Judith E. C. Lieu, MD
Hearing Loss in Children
While bilateral hearing loss – in both ears – has been known to cause speech-language and academic delays, health and education professionals have often discounted the effect of hearing loss in a single ear on a child’s language skills. These children may not be fitted with hearing aids or receive accommodations for disability. A new study suggests children with unilateral hearing loss – in a single ear – should be eligible for the same accommodations as children with bilateral hearing loss. The study, “Unilateral Hearing Loss is Associated With Worse Speech-Language Scores in Children,” published in the June print issue of Pediatrics (appearing online May 10), compared 74 children ages 6 to 12 years with unilateral hearing loss to their siblings with normal hearing. Children with unilateral hearing loss scored significantly worse in oral language skills than their siblings. Study authors suggest more research is needed to determine when the onset of speech-language delays occurs and the mechanisms through which unilateral hearing loss affects speech-language development, and whether any interventions might mitigate the effects of unilateral hearing loss.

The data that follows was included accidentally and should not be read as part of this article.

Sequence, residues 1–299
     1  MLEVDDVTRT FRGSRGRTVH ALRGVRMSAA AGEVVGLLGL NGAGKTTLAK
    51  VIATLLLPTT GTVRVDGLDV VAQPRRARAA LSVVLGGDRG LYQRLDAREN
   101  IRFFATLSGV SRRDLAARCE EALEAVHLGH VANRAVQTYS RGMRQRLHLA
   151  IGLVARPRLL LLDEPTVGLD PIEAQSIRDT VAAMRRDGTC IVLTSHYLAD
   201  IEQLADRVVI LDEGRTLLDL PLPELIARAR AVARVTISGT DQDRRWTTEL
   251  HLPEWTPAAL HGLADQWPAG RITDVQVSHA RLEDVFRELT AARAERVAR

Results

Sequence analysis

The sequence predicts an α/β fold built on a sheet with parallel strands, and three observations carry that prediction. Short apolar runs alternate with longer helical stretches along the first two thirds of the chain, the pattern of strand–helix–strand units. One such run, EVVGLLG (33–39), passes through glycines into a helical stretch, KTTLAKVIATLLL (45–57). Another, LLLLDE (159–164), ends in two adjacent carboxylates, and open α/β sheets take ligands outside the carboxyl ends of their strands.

Dr.Judith E. C. Lieu, MD, Assistant Professor of Otolaryngology-Head and Neck Surgery at the Washington University School of Medicine, comes on the show to discuss these findings and hearing loss in children.
Dr. Judith Lieu is a pediatric ear, nose, and throat physician, on faculty at Washington University School of Medicine in St. Louis and St. Louis Children's Hospital. In addition to her clinical practice, she engages in clinical research about children with hearing loss.
Melanie Cole, M.S.